“Having a CPA nowadays is no longer a career limited to auditing, financial reporting, or routine business functions,” says Roy Cohen, career coach and author of The Wall Street Professional’s Survival Guide.
“Increasingly, CPAs are being tapped for leadership roles.”
And while professional knowledge remains fundamental to the CPA’s function within the world of business and finance, those who hire CPAs are putting greater emphasis on essential critical thinking, professional skepticism, problem-solving and analytical skills. “In fact, there will be changes to the CPA exam starting in 2017 that address the evolving skill sets required for newly minted CPAs,” Blough explains. “Entry-level CPAs, too, are being asked to do more complicated tasks in the business world, and contribute to increasingly complex projects earlier in their accounting careers.”
“Business owners and management teams want accounting professionals to be more strategic than ever, and are seeking candidates that can help the business continuously improve,” says Jerry Murphy, CPA, CMA, CGMA, partner at Sikich, LLP.
Simply, says Blough, “There is a certain level of confidence that having a CPA doing a job provides.”
When it comes to the question, should I get my CPA now or should I get it later, the answer is definitely NOW!
Why? Because, essentially, the CPA credential is your golden ticket. It speaks volumes about your commitment and dedication, the skills you possess and the contribution you can make to an organization. The earlier you have the CPA credential, the quicker you can differentiate yourself from all those candidates clamoring for the most select and lucrative positions.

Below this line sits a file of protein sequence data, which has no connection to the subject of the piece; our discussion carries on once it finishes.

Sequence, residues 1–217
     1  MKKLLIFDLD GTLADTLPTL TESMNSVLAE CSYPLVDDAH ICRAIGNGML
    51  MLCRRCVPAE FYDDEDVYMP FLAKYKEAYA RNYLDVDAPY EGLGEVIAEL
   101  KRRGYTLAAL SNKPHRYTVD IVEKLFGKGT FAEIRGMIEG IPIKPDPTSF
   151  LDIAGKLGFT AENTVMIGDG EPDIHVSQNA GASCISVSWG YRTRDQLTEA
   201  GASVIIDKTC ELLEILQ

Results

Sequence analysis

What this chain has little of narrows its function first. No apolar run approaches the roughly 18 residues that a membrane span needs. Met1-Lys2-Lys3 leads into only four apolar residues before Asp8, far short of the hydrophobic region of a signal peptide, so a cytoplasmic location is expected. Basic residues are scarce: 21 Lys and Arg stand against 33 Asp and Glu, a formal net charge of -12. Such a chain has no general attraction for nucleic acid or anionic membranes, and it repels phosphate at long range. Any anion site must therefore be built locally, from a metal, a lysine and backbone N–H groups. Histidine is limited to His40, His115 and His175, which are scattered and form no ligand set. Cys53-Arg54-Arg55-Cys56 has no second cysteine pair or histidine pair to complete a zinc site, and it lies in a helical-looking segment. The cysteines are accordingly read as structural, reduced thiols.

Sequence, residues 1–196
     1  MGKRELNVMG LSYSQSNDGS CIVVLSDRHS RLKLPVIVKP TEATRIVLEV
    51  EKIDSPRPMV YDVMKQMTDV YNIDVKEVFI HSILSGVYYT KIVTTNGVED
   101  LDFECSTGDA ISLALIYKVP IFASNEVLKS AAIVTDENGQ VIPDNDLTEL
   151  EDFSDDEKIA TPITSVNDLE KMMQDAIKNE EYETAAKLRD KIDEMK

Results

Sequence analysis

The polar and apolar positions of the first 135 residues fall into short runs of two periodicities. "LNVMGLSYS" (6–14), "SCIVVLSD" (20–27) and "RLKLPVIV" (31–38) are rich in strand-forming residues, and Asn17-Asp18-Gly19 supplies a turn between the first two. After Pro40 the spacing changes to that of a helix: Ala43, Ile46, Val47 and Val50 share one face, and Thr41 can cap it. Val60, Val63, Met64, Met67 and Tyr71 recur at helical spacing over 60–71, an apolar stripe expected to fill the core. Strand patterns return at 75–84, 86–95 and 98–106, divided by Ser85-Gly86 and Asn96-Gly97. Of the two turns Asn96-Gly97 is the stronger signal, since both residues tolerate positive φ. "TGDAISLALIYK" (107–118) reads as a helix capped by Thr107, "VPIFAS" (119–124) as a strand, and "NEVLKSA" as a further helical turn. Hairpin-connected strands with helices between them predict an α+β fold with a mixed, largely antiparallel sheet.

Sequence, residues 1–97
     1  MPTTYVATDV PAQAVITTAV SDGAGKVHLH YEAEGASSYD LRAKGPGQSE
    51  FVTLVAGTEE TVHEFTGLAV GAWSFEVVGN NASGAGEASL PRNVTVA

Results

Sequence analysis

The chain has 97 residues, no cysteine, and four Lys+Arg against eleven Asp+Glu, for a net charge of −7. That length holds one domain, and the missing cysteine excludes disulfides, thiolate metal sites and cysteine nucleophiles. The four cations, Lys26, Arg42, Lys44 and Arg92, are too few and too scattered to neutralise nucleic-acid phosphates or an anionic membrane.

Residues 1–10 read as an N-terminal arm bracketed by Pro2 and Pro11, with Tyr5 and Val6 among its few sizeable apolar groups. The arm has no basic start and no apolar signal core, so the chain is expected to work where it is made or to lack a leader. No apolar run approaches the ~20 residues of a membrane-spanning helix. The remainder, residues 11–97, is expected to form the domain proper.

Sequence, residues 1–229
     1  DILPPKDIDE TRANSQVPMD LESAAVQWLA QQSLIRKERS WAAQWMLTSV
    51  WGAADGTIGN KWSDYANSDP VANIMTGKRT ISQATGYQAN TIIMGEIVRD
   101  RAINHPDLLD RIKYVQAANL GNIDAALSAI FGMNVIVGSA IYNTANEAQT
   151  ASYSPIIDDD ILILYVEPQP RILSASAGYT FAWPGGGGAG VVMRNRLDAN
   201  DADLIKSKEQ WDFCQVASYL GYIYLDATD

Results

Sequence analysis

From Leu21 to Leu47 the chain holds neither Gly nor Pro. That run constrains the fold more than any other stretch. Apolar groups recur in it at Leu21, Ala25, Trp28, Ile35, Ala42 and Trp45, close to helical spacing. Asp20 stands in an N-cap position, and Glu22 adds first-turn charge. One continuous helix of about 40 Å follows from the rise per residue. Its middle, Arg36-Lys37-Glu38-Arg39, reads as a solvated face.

“It immediately differentiates candidates from their peer group. Employers will see you as someone who not only has the discipline and work ethic to study for and pass the exam, but who is serious about their accounting career and committed to investing time to develop themselves professionally,” says Guerra.
Not only that, but CPAs are required to complete continuous professional education, which guarantees a high level of expertise and relevance within the profession. As Christian Novissimo, managing partner, accounting and finance with New York recruiting firm Lucas Group, puts it, “Companies feel they have an added layer of assurance that they’re hiring the best talent.”
In other words, having the CPA credential opens doors. “In both public accounting and industry, not earning a CPA can put a ceiling on professional growth. It can be difficult to rise to the highest levels of an organization without it. Many firms won’t even consider prospective employees for certain positions if they don’t have a CPA,” Murphy explains.
What’s more, a CPA license can lead to a significant salary. “Becker CPA Review recently conducted a survey that stated, ‘over the course of a 40-year career, a CPA can earn as much as $1M more than a non-certified accountant’,” says Blough.
How’s that for a golden ticket?